The Communal Lifeline

Author: Robert Schmuhl ’70

In the dazed days following the atrocities of September 11, analysts and academics tried to come to terms with the unspeakable acts by speculating on their consequences. Such unprecedented terrorism created (in what began as a refrain and then became a cliche) a turning point, with potential for transforming America in ways large and small.

Nowhere was change more immediately noticeable than the response of the news media to the attacks and their aftermath. At a time of dwindling audiences, reduced budgets and questionable practices, journalism approached the horror and heroism of a story like no other with a professionalism that critics — and citizens — widely applauded. One opinion survey, conducted less than a week after that fateful Tuesday, found that 89 percent of the public gave the media a positive rating. Almost a month later, approval remained high at 85 percent.

During most of the past decade, the news media seemed more national dartboard than window on the world. Coverage of the O.J. Simpson saga, the Bill Clinton-Monica Lewinsky imbroglio, the protracted 2000 presidential election and the Chandra Levy-Gary Condit mystery both captured attention and provoked criticism. The public wondered whether journalists were reporting news or desperately trying to create it, even whether basic standards of verification and professional proportion were forgotten in a frenzy to be first or to keep a story alive.

But the calamitous events of September 11 occurred with such force and their magnitude was so profound that the news media reacted by returning to their traditional role as initial providers of previously unknown information. The story’s different dimensions — the human loss, the valiant response, the national anxiety, the government’s actions, the terrorists’ reasons, the world’s revulsion, the economic effects — deserved reporting and analysis with facts up-front. The most serious news event of the modern media age demanded the most serious journalism those media outlets could provide.

Reflecting on the response, Tom Bettag ‘66, executive producer of ABC’s Nightline, remarks: "I think this story is bigger than almost any breaking story we have dealt with. What made it different was the psychological shock. Journalists try to see over the horizon, to be early warning systems. The overthrow of the Shah of Iran or the taking of the hostages in Iran was not a shock. The fall of the individual states in the former Soviet empire was not a shock.

“Journalists are control freaks who don’t like surprises. This was like the Kennedy assassination and the Challenger explosion. We were unprepared, shaken that we were unprepared and nearly overcome with the natural human anxiety and sadness while we were trying to do the best work of our lifetime.”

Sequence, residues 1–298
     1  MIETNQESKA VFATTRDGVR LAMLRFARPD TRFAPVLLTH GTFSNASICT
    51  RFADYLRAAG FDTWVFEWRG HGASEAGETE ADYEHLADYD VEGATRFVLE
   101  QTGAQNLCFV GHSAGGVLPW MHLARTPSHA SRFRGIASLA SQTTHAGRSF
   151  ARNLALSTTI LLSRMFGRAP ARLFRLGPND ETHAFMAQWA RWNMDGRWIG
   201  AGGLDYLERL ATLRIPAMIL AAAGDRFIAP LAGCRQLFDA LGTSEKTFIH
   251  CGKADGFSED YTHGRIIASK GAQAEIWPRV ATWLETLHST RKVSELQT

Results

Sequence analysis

Often a favorite vehicle for escape, Bettag’s medium of television became a communal lifeline to the deadly reality. For the first day, a truce in competition allowed any videotape on one network to be aired by others. The round-the-clock coverage over five days after the attacks cost millions of dollars to produce — and, according to the Wall Street Journal, meant an estimated loss of $700 million in advertising revenues for the networks and local stations.

Television’s immediacy — complete with frightfully enduring images — provided one perspective, while newspapers and other publications took another tack. Words and pictures on printed pages sought to be, in a literal sense, the first draft of history. In a remarkable return to a bygone era, more than 150 newspapers published “Extra” editions on September 11. Magazines, too, quickly followed with special issues.

Ironically, Internet web sites were so bombarded with requests for instantaneous reports the day of the attacks that they couldn’t handle the demand. The so-called “information superhighway” led to a dead end, only later returning to normal and to quickly constructed sources that were continually updated. Journalism itself had an inventive site discussing all facets of its work, available from the Poynter Institute for Media Studies in Saint Petersburg, Florida, at

Throughout the coverage, in addition to a seriousness of purpose, a new attitude pervaded the media. Gone was the snide, curled-lip cynicism of the past three decades, with its corrosive effect on what noted American philosopher William James a century ago called our “civic temper.” This archly adversarial, often dismissive approach was replaced with a unifying awareness that America (its people, symbols and ideals) was under direct attack to a degree more immediate and potentially ominous than ever before.